Noel Coward’s Benedict Option: on Marriage, the Common Good, Thick and Committed Community, and the Need to Stick With the People Who See Through You


From Act 1:


Liz: It’s very resolute of Fred to go on calling me Miss, isn’t it?

Monica: I think he has a sort of idea that when you gave up being Garry’s wife you automatically reverted to maidenhood.


Liz: It’s a very pretty thought

Daphne comes out of the spare room in an evening dress and cloak. She is no longer crying but looks depressed. She jumps slightly on seeing Liz.

Daphne: Oh!

Monica: I’m so awfully sorry about the bath, Miss Stillington

Daphne: It didn’t matter a bit

Monica: This is Mrs. Essendine— Miss Stillington,

Daphne: Oh!

Liz (amiably): How do you do.

Daphne (shattered): Mrs. Essendine. Do you mean … I mean . . . Are you Garry’s wife?

Liz: Yes.

Daphne: Oh — I thought he was divorced.

Liz: We never quite got round to it.

Daphne: Oh, I see.

Liz: But please don’t look agitated — I upped and left him years ago.


Garry: Now then, tell me all about everything.

Liz: I saw the play.

Garry: Good?

Liz: Yes, very. We shall have to change it a bit, but Vallion’s quite willing to let us do what we like. But I don’t want to go on about it now until I’ve mulled it over a little more. I’m seeing Morris after lunch.

Garry: I’ve told him I can’t open until November. I must have a holiday after Africa. So there’s lots of time.

Liz: Now I want to talk to you about something else.

Garry: I don’t like that tone at all. What’s on your mind?

Liz: You. Your general behaviour.

Garry: Really, Liz! What have I done now?

Liz: Don’t you think it’s time you started to relax?

Garry; I don’t know what you’re talking about.

Liz: Who was that poor little creature I saw here this morning in evening dress?

Garry: She’d lost her latch-key.

Liz: They often do.

Garry: Now listen to me, Liz

Liz: You’re over forty, you know.

Garry: Only just.

Liz: And in my humble opinion all this casual scampering about is rather undignified.

Garry: Scampering indeed. You have a genius for putting things unpleasantly.

Liz: Don’t misunderstand me. I’m not taking a moral view, I gave that up as hopeless years ago. I’m merely basing my little homily on reason, dignity, position and, let’s face it, age.

Garry: Perhaps you’d like me to live in a bath-chair!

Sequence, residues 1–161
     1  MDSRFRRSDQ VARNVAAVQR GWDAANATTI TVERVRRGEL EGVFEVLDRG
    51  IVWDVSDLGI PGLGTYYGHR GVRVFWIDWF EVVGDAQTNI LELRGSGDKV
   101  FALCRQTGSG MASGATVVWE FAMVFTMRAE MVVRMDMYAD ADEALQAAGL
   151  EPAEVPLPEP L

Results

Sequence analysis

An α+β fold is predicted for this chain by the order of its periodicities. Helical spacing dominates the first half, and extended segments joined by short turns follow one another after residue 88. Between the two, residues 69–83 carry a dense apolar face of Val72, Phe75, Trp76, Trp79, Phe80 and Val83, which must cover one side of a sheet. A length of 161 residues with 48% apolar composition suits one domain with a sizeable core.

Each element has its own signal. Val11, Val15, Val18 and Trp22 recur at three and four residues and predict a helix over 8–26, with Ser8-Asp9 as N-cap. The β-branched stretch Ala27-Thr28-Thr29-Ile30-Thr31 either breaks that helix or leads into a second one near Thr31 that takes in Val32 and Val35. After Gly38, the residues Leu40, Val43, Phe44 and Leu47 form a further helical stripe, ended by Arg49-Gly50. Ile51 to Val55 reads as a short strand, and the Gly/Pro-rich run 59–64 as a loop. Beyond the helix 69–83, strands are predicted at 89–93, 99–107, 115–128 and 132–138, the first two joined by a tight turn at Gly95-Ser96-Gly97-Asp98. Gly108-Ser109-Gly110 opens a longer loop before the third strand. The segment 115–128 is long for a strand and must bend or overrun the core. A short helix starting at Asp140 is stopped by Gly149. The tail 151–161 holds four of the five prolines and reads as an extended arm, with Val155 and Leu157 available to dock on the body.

Lk: It would certainly have its compensations.

Garry: It’s all very fine for you to come roaring back from Paris where you’ve been up to God knows what and start to bully me

Liz: I’m not bullying you.

Garry: Yes, you are. You’re sitting smug as be damned on an awful little cloud and blowing down on me.

Liz: Don’t bluster.

Garry: Who went away and left me a prey to everybody? Answer me that!

Liz: I did thank God.

Garry: Well then.

Liz: Would you have liked me to have stayed?

Garry: Certainly not, you drove me mad.

Liz: Well, stop shilly shallying about then and pay attention.

Garry: This, to date, is the most irritating morning of my life.

Liz; I can remember better ones.

Garry: Where were we?

Liz: Be good, there’s a darling— I mean it.

Garry: Mean what?

Liz: Exactly this. You have reached a moment in life when a little restraint would be becoming. You are no longer a debonair, irresponsible juvenile. You are an eminent man advancing, with every sign of reluctance, into middle age.

Garry: May God forgive you.

Liz: Never mind about that, listen. We all know about your irresistible fascination. We’ve watched it going on monotonously for twenty years.

Garry: I met you for the first time exactly eleven years ago next August, and you were wearing a very silly hat.

Liz: Will you be serious. Your behaviour naturally affects all of us. Morris, Henry, Monica and me. You’re responsible for us and we’re responsible for you. You never lose an opportunity of lecturing us and wagging your finger in our faces when we happen to do something you don’t approve of.

Garry: And am I right or am I not? Answer me that!

Liz: Oh, you’re fine when dealing with other people’s problems, but when it comes to your own you’re not so hot.

Garry: Of all the base ingratitude!